9 Washington Dr.
Cleveland, AL 35049
See Map & More Info
Telephone: 205-274-7053
Sun 12:00-9:00, Mon-Thu 11:30-9:00, Fri 11:30-10:00, Sat 10:00-10:00
We have movies not available at Redbox or NetflixWe have movies not available at Redbox or Netflix

Review: A great cast delivers in 'The Sense of an Ending'

Posted Monday, June 5, 2017 at 4:47 PM Central

by John Couture

Jim Broadbent is one of those actors that you simply know when you see him work his magic on the big screen. If you put a gun to my head and demanded that I name five of his films, I would struggle to name more than a couple.

Gangs of New York? Sure. The later Harry Potter films? Absolutely. After that, I would probably spout a bunch of films heavy on British actors and I'd hope to get lucky.

The fact of the matter is that Jim Broadbent is perhaps the most versatile British character actor, but he hasn't had as many chances to shine in the lead. The Sense of an Ending is a great testament that he's more than just a great character actor and that we may regret not having him in more starring roles as time goes by.

Regret is an interesting concept that, as it turns out, plays a pivotal role in The Sense of an Ending. Jim Broadbent plays Tony who is forced to confront his own memory and recollections when he's confronted with a different narrative through a series of events later in his life.

The book was split into two parts, one with Tony as a young man in school and then later in his life having to confront his past and some of his own misperceptions. It works in the book because of the linear nature of the medium, but I was curious how they would capture that element in the film.

As it turns out, there was no reason to be concerned as the filmmakers used a very effective technique where they intercut Jim Broadbent into his memories in place of his younger self. Not only did this allow them to use Jim Broadbent and his immense talents more, but it's a great visual way to convey the use of an unreliable narrator.

Of course, it's not that Tony is a traditional unreliable narrator, it's more a critique on our own ability to remember our own past. There's a great theme about how we play the ultimate editors of our lives. In much the same way that history is written by the winners, we tend to look back upon our past with rose-colored glasses. We tend to minimize the negative and amplify the positive.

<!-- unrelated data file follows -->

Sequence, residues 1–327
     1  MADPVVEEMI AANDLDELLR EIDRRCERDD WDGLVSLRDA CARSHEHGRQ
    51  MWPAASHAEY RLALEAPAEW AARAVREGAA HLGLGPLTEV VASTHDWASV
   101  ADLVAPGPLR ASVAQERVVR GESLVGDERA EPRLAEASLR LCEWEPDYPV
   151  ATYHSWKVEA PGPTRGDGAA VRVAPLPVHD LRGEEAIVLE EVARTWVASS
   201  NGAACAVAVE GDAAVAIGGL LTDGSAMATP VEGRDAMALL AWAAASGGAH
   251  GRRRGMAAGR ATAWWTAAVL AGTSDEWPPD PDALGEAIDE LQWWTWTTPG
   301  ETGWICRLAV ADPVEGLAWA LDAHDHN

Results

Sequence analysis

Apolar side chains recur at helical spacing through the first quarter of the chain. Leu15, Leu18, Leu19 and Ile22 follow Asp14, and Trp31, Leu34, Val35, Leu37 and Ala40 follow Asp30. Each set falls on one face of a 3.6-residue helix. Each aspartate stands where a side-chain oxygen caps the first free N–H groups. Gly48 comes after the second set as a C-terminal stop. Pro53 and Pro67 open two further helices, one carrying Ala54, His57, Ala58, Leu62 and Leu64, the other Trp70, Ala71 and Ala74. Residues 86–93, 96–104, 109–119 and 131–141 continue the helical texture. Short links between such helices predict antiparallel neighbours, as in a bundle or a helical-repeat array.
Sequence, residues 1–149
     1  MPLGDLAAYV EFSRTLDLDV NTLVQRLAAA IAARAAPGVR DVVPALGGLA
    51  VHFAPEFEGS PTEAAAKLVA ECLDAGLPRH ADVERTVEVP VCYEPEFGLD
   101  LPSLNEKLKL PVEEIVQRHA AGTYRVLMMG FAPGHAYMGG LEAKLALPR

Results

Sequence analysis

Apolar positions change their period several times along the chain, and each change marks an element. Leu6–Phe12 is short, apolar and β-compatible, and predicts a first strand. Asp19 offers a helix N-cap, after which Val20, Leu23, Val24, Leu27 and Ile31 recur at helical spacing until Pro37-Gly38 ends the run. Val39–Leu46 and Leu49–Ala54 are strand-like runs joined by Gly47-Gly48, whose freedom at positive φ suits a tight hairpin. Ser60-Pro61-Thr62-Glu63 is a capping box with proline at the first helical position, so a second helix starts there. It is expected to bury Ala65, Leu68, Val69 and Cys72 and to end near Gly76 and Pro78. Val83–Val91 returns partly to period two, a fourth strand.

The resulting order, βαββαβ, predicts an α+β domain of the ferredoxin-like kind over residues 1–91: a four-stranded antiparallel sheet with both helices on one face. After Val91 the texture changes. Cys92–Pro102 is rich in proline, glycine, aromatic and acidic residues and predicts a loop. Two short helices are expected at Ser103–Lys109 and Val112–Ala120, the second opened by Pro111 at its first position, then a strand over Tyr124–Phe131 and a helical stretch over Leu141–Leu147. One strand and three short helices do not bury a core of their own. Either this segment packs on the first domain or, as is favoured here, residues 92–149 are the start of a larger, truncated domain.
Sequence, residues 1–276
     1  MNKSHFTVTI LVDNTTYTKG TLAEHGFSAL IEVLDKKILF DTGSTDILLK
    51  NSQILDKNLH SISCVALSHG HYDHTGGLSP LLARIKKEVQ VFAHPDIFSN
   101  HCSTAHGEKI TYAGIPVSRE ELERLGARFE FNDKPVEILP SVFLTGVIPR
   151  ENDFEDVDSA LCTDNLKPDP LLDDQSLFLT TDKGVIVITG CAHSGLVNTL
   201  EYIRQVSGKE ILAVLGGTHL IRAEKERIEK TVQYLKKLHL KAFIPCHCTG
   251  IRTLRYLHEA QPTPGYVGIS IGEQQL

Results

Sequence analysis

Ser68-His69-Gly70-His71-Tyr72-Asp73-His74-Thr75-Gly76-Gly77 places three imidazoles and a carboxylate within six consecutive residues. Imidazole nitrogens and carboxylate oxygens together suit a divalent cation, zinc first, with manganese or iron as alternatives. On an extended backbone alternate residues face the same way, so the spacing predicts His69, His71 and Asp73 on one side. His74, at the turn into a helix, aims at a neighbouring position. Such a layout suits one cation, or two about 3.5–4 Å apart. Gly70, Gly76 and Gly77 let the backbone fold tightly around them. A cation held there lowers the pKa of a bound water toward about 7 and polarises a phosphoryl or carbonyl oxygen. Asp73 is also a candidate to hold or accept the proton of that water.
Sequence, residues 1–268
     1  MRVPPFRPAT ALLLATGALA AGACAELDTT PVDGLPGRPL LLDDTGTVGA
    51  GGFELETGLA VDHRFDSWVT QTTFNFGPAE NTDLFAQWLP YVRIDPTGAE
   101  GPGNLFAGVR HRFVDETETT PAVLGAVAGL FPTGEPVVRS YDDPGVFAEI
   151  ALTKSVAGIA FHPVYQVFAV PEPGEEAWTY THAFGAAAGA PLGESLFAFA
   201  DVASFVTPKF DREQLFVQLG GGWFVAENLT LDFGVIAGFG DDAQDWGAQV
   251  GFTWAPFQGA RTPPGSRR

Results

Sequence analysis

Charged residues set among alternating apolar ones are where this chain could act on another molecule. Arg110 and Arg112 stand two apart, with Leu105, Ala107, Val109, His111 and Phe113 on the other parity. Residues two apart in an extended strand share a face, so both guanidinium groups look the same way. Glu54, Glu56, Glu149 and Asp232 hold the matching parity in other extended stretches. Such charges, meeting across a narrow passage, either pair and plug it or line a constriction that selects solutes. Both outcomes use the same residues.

As someone with two divorces in my past, I can certainly relate to some degree. When it comes to relationships, tend to vilify the other person and leave out the rather unsavory parts that we may have played in the course of events. I won't get into specifics so as to preserve some of the twists and turns of the film, but I found that I enjoyed the third act of the film much more than I liked the ending of the book. That usually never happens, but it's a testament to how much a great cast can elevate a story.

Jim Broadbent isn't the only star that shines in The Sense of an Ending. The cast is ripe with amazing actors that hit all the right marks during some very emotional ups and downs. In particular, Emily Mortimer and Charlotte Rampling are two actresses that may be less known to American audiences, but are tremendous and you should seek out their earlier work.

Another familiar face that fans of Downton Abbey will recognize is Michelle Dockery. We have loved her in the new series Good Behavior, so it's good to see her in a more traditional role. She's got great range and while her role is small here, it carries a great emotional touching stone for Tony and sort of holds the entire film together.

If you enjoy well-acted films that enjoy taking their time to unravel all of their mysteries, then you will love The Sense of an Ending. It is far from perfect, but it's a fun departure from standard Hollywood fare.

The Sense of an Ending is now available on DVD.